The Scottish Labour Party organised a lobby of the Scottish Government Cabinet meeting in Clydebank last week, to protest against the SNP government’s cuts of £350 millions in local authority funding.
This week the Glasgow City Council Labour Group is staging a lobby outside the Scottish Parliament, to protest at the SNP’s cut of £133 millions in funding for Glasgow, which will cost around 3,000 jobs.
This is progress compared to muttering about underfunding and but getting on with ‘managing’ local authorities on a reduced budget anyway.
So too does Scottish Labour Party leader Kezia Dugdale’s call for a 1p increase in income tax rates in Scotland, as a way of raising the money needed to stop the cuts from going ahead. For all its limitations, it represents an alternative to SNP austerity.
After nine years of being in opposition at Holyrood, Scottish Labour seems to have woken up to the fact that the job of an opposition is to … oppose. But there is still no sign of a real labour movement campaign to challenge head on the cuts and their SNP architects in Holyrood.
(The SNP even denies the gross inadequacy of its funding of local authorities. SNP Finance Secretary John Swinney has claimed that the cuts in funding will have a “minimal” impact on local authority budgets.
And according to an SNP leaflet currently being distributed in Glasgow, the city worst hit by the cuts: “Once again Glasgow has done very well with its grant from the Scottish Government for 2016/17.”)
Constituency Labour Parties (CLPs) in Glasgow and Edinburgh have passed motions calling for local anti-cuts conferences bringing together CLPs, trade unions and community groups. But there is still no sign of any such conferences being organised.
There is a lack of co-ordination between Labour Party anti-cuts campaigning and campaigning by unions against the cuts. This week’s lobby of Holyrood by Glasgow Labour Group is on Wednesday morning. The trade union lobby is Wednesday afternoon.
Pointing the finger of blame at the SNP government in Holyrood, which is what the Scottish Labour Party campaign currently amounts to, is certainly justified. But it is not the same as organising a fightback to defend jobs, working conditions, and services.
The fact that the SNP has rejected the proposal for a 1p increase in income tax rates is being used as an excuse by some councillors to press ahead with cuts: We proposed an increase in income tax; but the SNP voted it down; so now we have no alternative but to make cuts.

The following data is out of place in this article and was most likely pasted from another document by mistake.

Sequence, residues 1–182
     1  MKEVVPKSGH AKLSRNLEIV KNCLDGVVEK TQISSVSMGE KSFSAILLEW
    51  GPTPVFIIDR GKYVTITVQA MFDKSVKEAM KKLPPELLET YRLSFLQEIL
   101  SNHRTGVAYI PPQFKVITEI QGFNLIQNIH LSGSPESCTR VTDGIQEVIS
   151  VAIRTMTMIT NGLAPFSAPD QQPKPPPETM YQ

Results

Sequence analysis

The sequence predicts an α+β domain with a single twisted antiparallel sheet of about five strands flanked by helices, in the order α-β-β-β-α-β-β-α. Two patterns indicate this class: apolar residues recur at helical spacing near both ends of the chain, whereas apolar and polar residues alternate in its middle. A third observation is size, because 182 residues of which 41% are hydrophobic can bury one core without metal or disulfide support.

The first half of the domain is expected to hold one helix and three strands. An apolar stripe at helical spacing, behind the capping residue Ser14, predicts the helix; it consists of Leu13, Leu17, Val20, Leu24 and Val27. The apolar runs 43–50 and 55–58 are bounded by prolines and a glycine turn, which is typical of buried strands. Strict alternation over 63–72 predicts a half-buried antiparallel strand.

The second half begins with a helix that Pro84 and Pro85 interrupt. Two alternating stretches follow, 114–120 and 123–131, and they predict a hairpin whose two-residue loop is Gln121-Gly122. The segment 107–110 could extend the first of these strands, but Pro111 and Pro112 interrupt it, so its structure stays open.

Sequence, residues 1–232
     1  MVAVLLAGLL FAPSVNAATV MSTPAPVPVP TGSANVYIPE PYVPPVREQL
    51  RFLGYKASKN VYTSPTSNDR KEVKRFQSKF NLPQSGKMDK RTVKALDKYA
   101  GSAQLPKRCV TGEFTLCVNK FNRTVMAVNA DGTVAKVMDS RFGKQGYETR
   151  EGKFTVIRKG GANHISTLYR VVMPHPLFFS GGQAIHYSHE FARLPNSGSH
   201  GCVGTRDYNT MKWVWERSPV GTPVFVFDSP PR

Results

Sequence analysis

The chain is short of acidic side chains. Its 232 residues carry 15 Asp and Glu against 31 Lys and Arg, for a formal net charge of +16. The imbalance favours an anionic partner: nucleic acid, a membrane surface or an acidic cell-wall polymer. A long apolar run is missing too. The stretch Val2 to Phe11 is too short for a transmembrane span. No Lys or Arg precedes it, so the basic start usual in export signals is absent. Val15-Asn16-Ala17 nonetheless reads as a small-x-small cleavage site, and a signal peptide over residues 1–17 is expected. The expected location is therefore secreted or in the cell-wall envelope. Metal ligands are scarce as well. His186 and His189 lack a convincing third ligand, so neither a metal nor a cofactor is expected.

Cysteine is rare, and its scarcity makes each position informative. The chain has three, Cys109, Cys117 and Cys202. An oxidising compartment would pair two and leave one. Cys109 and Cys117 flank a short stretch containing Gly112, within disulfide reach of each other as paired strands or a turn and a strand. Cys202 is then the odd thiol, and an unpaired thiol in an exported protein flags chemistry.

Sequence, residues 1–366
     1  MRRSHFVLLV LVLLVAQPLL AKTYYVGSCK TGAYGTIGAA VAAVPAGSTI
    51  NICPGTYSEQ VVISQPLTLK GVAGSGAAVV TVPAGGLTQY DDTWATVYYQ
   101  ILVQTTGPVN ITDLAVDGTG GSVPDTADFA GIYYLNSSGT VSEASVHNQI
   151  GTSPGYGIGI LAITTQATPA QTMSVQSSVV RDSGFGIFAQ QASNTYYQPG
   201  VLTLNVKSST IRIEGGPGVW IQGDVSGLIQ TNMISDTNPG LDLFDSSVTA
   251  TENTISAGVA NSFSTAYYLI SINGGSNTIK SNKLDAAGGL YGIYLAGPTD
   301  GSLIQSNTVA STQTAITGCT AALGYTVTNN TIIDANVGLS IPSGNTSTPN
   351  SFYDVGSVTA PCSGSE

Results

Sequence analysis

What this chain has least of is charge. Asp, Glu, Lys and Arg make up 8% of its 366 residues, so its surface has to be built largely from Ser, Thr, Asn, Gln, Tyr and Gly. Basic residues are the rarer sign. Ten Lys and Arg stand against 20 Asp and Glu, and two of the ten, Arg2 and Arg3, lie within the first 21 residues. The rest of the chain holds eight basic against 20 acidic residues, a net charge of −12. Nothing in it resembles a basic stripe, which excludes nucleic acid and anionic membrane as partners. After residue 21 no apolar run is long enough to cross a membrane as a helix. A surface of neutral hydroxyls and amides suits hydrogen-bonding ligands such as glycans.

Edinburgh City Council (a Labour-SNP coalition) has already voted through a cuts budget. Other Labour-controlled councils (such as Glasgow and Aberdeen) have drawn up cuts budgets to be voted on later this month or early March.
Nor is there a co-ordinated local-government trade union strategy: responses to the threat of massive attacks on jobs and working conditions have varied from one union to another.
Trade Unions for Scottish Labour, unsurprisingly, is pinning the blame on the SNP government: “The real divide: implementing austerity v combating austerity.” But while it is true that the SNP is implementing austerity, so too are Labour-controlled councils which vote for cuts!
UNISON Scotland has produced a “Combating Austerity Report and Toolkit” which proposes a series of (worthwhile) financial measures which councils could implement and, claims UNISON, thereby avoid the need to make cuts.
Unite’s focus is to demand that the UK Treasury write off an estimated £2.5 billions worth of pre-devolution debt owed by councils.
The GMB, despite its right-wing Scottish leadership (anti-Corbyn, pro-Trident and pro-fracking), is already carrying out a consultative ballot of its members in Glasgow City Council and its arms-length company Cordia over proposals to cut jobs and terms and conditions.
At the same time, the GMB is also backing the call for a 1p increase in income tax rates and mobilising for anti-SNP lobbies at Holyrood.
By contrast, those sections of the Scottish trade union movement who have effectively signed up to social peace with the SNP government now seem to flinch and sneer at the idea of criticising and mobilising against SNP austerity.
Labour-controlled councils have a straightforward choice: Campaign with trade unions and community groups on the basis of no-cuts budgets, or fight against trade unions and community groups to try to push cuts through.